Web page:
To illustrate these points I would like to turn now to an article by Jean-Marc de Grave titled “The Training of Perception in Javanese Martial Arts.” in D. S. Farrer and John Whalen-Bridge (eds.) Martial Arts as Embodied Knowledge: Asian Traditions in a Transnational World (SUNY Press, 2011). I should state at the outset that I am not an expert in the Indonesian martial arts. My interests all lay in Southern China and secondarily Japan. Still, when I encountered de Grave’s article I was struck by a number of similarities to things that I had seen in other places which made me go back to the “levels to analysis” and ask some serious questions about the interrelationship of the “domestic” and the “systemic” variables. Specifically, what role, if any, has recent globalization and trade played in the similar trajectories of Qigong in China and the interest in and development of secularized “Getaran” training in Indonesia during the 1980’s. While on the surface these are both resolutely “domestic level” stories, their timing and covariance makes one wonder about the existence of a previously unseen systemic connection. Or perhaps this actually is a response to similar or shared origins in the more distant past?
Even if my primary emphasis remains the martial arts of southern China, reading outside of this area may help me to generate more interesting research questions and focus on a more fruitful set of variables than otherwise would have been the case.
The Perception of the Internal Senses and “Getaran” in Pencak Silat.
Jean-Marc de Grave starts his study of what we might call “internal training” in the martial arts of Java by asking about the classification of the senses. While one might suppose that there could be nothing more basic and concrete than the physical sense (either you see, hear, taste, smell or feel something or you do not) he argues that our culture frames the way that we experience even these most basic aspects of reality. While western cultures generally speak of five senses, in reality some of these modes of perception exist along a sliding scale (such as taste and smell), or can be combined with other types of perception (vision and touch) to create new ways of experiencing the world.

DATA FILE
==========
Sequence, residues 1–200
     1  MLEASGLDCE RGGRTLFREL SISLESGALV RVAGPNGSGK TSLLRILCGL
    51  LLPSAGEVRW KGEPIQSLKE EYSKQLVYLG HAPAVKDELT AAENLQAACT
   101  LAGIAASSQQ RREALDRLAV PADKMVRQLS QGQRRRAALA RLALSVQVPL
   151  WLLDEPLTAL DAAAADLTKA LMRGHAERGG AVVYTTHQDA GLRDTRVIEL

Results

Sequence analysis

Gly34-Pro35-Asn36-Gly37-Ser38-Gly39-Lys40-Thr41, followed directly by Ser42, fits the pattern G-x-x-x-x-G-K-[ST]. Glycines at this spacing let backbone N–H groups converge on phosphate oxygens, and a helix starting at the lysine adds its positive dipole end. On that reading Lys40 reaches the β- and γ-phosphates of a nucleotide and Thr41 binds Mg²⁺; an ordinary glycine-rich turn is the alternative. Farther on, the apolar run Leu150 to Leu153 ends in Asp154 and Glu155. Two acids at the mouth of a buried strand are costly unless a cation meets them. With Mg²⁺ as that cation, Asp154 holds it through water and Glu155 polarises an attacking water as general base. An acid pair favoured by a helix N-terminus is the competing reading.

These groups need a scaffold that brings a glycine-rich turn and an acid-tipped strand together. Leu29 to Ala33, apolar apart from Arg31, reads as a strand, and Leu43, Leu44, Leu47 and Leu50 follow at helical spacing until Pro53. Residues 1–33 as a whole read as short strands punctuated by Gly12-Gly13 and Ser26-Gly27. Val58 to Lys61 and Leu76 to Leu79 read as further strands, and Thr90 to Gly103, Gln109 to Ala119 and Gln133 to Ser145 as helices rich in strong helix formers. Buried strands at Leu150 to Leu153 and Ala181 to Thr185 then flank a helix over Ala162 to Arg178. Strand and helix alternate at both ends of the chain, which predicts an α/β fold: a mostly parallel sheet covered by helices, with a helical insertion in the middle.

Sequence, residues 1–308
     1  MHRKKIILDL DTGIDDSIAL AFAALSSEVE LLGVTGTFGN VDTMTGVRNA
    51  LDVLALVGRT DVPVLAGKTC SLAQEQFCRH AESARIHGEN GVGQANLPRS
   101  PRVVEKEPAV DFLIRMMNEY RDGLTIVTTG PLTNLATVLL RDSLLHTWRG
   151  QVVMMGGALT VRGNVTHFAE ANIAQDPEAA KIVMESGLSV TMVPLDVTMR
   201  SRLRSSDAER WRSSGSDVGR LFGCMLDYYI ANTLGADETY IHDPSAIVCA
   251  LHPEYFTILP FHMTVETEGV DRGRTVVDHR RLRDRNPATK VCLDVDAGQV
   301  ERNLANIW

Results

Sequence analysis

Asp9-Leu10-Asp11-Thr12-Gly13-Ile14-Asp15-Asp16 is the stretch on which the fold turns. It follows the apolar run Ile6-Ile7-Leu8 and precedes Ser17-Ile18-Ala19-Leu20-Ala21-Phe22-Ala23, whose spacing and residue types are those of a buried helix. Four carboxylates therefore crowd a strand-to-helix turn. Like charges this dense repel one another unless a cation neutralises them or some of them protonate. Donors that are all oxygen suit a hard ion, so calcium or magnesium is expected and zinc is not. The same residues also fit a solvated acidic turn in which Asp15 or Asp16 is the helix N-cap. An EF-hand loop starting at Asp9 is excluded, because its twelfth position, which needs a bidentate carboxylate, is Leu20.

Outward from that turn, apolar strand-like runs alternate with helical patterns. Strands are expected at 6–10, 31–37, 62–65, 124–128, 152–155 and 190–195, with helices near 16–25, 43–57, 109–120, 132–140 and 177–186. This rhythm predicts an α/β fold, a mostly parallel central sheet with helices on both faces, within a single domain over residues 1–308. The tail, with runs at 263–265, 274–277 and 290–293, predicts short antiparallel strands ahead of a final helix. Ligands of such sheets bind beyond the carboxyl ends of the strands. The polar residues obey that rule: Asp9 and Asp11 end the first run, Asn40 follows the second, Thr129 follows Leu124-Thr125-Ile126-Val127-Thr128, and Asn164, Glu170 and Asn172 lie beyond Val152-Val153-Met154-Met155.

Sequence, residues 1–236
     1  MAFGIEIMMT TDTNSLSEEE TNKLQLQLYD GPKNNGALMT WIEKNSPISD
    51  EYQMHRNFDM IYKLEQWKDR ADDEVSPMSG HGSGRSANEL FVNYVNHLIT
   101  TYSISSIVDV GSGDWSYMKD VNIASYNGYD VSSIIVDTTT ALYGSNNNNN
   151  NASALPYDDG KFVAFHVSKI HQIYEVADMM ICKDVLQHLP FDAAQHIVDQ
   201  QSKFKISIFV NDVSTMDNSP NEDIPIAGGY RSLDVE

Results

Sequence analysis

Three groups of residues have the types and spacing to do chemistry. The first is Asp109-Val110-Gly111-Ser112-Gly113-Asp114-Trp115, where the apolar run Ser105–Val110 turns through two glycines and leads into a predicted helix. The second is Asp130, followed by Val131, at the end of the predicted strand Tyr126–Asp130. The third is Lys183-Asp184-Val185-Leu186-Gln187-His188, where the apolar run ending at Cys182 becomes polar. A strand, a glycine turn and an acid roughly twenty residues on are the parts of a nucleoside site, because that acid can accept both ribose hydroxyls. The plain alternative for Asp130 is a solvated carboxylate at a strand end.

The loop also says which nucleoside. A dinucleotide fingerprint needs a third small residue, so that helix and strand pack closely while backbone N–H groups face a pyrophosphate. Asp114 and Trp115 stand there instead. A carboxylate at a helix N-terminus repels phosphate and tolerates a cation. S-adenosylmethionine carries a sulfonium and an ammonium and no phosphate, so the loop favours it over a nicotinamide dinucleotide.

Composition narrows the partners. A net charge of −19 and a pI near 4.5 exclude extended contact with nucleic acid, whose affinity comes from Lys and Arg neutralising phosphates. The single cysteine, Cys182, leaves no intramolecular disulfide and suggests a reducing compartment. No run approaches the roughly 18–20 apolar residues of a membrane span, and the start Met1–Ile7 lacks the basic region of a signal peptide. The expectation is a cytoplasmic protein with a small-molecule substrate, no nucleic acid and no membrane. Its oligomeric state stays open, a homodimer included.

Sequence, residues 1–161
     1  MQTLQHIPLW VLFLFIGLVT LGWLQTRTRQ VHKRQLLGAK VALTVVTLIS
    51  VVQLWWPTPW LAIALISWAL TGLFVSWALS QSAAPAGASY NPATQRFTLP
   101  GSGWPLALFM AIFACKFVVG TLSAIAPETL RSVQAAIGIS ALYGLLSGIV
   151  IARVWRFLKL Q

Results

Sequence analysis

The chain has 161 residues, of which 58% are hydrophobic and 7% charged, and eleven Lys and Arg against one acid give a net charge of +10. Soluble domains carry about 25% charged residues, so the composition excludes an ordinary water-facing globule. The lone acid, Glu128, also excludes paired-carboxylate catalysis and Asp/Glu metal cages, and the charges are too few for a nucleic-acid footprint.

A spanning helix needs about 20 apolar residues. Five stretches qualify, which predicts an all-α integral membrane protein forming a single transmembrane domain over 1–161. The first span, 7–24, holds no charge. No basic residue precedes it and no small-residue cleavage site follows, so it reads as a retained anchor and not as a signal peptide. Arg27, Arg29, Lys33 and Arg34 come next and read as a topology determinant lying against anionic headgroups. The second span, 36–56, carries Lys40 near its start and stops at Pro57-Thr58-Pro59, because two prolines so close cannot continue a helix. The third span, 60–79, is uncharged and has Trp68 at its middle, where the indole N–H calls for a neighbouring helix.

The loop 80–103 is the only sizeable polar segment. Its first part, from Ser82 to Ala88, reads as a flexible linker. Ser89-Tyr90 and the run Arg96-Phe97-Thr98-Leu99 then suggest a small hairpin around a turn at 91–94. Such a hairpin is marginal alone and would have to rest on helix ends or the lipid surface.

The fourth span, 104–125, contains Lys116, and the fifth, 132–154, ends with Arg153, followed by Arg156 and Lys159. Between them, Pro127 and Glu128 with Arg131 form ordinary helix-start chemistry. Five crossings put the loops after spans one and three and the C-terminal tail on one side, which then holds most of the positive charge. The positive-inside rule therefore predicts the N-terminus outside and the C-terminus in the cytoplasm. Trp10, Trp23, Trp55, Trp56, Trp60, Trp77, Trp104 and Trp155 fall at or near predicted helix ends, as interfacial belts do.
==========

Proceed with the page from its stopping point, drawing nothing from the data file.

However, all of these modes of experience reside in the embodied aspect of culture. Westerners currently lack the conceptual background to really grasp some of these alternate modes of experience. Nor can they be understood simply by explaining them. Instead they need to be experienced, and that often requires immersion in a new, culturally different, system of body training. Since we all have similar bodies, anyone can develop these new technologies of sensory experience, but most of us will not because how we interpret the senses is bound by how we have grown up describing them.
Different classifications for the physical senses have been used in Java over the centuries. One of the oldest systems was borrowed from India more than a millennium ago and described 10 or more senses based on the stimulation of different parts of the body. More current systems start with basic descriptions of Javanese cosmology and then attempt to apply these principles to the microcosm of human experience.